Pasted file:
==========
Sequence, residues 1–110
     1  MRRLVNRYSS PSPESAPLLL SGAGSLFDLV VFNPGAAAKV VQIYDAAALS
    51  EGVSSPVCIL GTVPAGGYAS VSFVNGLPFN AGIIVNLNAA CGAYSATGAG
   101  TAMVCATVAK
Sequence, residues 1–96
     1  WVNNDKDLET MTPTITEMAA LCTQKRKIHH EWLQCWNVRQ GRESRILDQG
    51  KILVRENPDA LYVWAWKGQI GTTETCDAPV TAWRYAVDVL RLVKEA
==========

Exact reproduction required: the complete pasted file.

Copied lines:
Sequence, residues 1–110
     1  MRRLVNRYSS PSPESAPLLL SGAGSLFDLV VFNPGAAAKV VQIYDAAALS
    51  EGVSSPVCIL GTVPAGGYAS VSFVNGLPFN AGIIVNLNAA CGAYSATGAG
   101  TAMVCATVAK
Sequence, residues 1–96
     1  WVNNDKDLET MTPTITEMAA LCTQKRKIHH EWLQCWNVRQ GRESRILDQG
    51  KILVRENPDA LYVWAWKGQI GTTETCDAPV TAWRYAVDVL RLVKEA